Sandy Gilbert, CEO of START, focused on the importance of cleaning up stormwater runoff that is the source of 65% of the excess nutrients in Sarasota Bay that reduce water quality and feed red tide. Because most of our local stormwater ponds are only operating at 40% to 60% efficiency in filtering out excess nutrients before they flow downstream to the Bay, he said START began a Healthy Pond Program this year to address the problem. Funded by the Gulf Coast Community Foundation, START in cooperation with Sarasota County’s NEST program advised over a dozen local communities about ways to upgrade their ailing stormwater ponds to reduce unsightly algal blooms and control costly erosion. In addition, START was able to provide funding to the participating neighborhood communities to help buy aquatic plants for the pond’s Littoral Shelf or shallow area that absorb nutrients, blunt wave action that causes erosion and shade out algal growth. By the end of this year’s planting season, the START Healthy Pond program planted over two and a half miles of pond shoreline in Sarasota County.

Following the recognized success of the START Pond Program, Sandy explained that the Charles and Margery Barancik Foundation provided a $250,000 three-year grant to form the Healthy Pond Collaborative, a partnership with START, the Sarasota County Nest program, the University of Florida IFAS Sarasota Extension and the Science and Environment Council of Southwest Florida. This new alliance is poised to move forward during the next three years to expand public awareness about the importance of maintaining healthy stormwater ponds and provide the funding to help some of our local communities to achieve that goal.

In closing, Sandy asked the audience to realize that everyone has an impact on water quality and to contact him at sandem133@aol.com to arrange a screening of START’s Red Tide & You presentation for their community or organization that shows people how they can reduce their nutrient footprint in our waterways.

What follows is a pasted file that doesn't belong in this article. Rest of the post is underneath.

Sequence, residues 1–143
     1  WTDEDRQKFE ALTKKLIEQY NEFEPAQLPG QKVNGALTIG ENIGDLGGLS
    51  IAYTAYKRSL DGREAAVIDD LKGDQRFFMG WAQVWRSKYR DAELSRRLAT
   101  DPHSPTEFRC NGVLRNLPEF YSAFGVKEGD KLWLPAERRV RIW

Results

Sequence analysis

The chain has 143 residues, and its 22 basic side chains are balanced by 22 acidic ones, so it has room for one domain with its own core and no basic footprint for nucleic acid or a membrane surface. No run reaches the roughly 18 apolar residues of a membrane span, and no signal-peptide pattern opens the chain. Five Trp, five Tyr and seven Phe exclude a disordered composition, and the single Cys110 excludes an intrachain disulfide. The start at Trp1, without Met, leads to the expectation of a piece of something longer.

Jennifer Shafer, Co-Executive Director of the Science and Environment Council of Southwest Florida, concluded the planned panel remarks by reminding the audience of the many local organizations that are working to help improve the quality of our coastal waters. This includes The National Estuary Programs in Charlotte Harbor, Sarasota Bay and Tampa Bay that along with Mote Marine Laboratory provide planning, monitoring and data sharing and the Conservation Foundation of the Gulf Coast and the Sarasota Audubon Society that conserve and restore land. In addition, Jennifer mentioned important local restoration projects at Bay Park, Selby Gardens and Southface Sarasota at the Florida House that have restored urban environments and provided public demonstration areas exemplifying water quality processes. Other organizations cited by Jenifer for their work to improve water quality were the Sarasota Bay Watch and the Gulf Shellfish Institute for their work restoring our shellfish populations and The Suncoast Urban Reforesters , the Native Plant Society, the EcoVets and The Rotary Clubs for their reforestation work with the microforests at the Celery Fields and Stoneybrook. By the time Jennifer finished her talk, the audience definitely got the message that many minds and hands are working to improve water quality along the Suncoast and there is a role for volunteers and citizen scientists to assist in these ongoing efforts.

Jon Thaxton directed questions from the floor to the appropriate panelist that included the possible outcomes at Piney Point, new approaches to deal with red tide and the status of the Conservation Easement and the wetlands at Bobby Jones Park.